This week read about two senators introducing a resolution that would lead the Senate to apologize for LGBT discrimination, and activists demanding closure of a gay D.C. bar after a Black woman was dragged down a flight of stairs by security.

Senate to Consider Apologizing for Decades of LGBT Discrimination

Two senators have introduced a resolution that would lead to a formal apology from the Senate over decades of discrimination against LGBT individuals who served in the Armed Forces, the Foreign Service, and the Federal Civil Service.

Introduced by Wisconsin Sen. Tammy Baldwin, who is lesbian, and Virginia Sen. Tim Kaine, the resolution is based on a 28-page document by The Mattachine Society of Washington, D.C., which details the ways in which the federal government caused “untold harm to those individuals professionally, financially, socially, and medically, among other harms” for over seven decades.

The resolution accounts for the effects of government-sanctioned acts like Don’t Ask Don’t Tell, the Defense of Marriage Act, and Sen. Joseph McCarthy’s Lavender Scare, which the report says encouraging discrimination against LGBT individuals in both the federal government and the private sector. The Senate has apologized to marginalized groups for its actions before, including the internment of Japanese Americans during World War II, the genocide of Native Americans, and the upholding of slavery and lynchings against African Americans.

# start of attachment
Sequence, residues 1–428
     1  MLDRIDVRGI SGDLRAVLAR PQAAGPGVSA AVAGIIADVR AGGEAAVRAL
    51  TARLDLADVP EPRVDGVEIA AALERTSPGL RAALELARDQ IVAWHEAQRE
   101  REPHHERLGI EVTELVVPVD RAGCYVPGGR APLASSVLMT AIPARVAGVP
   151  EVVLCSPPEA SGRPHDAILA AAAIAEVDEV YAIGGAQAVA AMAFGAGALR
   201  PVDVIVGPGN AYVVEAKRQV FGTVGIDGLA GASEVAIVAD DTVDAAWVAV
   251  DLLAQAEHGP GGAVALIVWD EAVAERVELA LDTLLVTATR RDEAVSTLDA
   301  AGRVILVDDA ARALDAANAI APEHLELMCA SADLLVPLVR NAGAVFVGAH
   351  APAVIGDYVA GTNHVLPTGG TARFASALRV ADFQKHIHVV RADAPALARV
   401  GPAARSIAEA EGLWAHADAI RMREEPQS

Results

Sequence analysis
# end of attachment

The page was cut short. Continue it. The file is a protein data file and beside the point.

Kaine said in a statement, “It’s time to acknowledge the harm caused to these Americans, their families, and our country by depriving them of the right to serve as federal civil servants, diplomats, or in the Armed Services.”

Local Activists Seek Permanent Closure of D.C. Gay Bar


Photo by Ted Eytan, Flickr.

More than 100 protesters gathered outside a popular D.C. gay bar last Friday, calling for a boycott of the space after videos surfaced of a Black woman at the venue being dragged down a flight of steps by security personnel.

Nellie’s Sports Bar closed for a week in response to the incident and issued a public apology, but local organizations Harriet’s Dream and the DC Ward 1 Mutual Aid have come together to issue a series of demands for the bar, including a direct apology from bar owner Douglas Schantz, followed by the staff and owner’s attendance at a community listening session, and the perpetual closing down of the bar to make room for “a Black trans and queer-led safe space in its place.”

In 2018, Nellie’s drew criticism for flying the “thin blue line” flag, a symbol used by groups to show opposition to the Black Lives Matter Movement.

Collective Action for Safe Spaces Co-Chair Preston Mitchum told the Georgetown Voice, “Nellie’s has been taking Black dollars from Black people for years without investing in Black communities, without investing in Black people, without caring about our bodies and our humanity.”

While still waiting for the bar to reach out to her directly, 22-year-old Keisha Young said she is pursuing legal action against the bar and told the DCist, “The public didn’t really get dragged down the stairs. I did. The public doesn’t have bruises. I do.”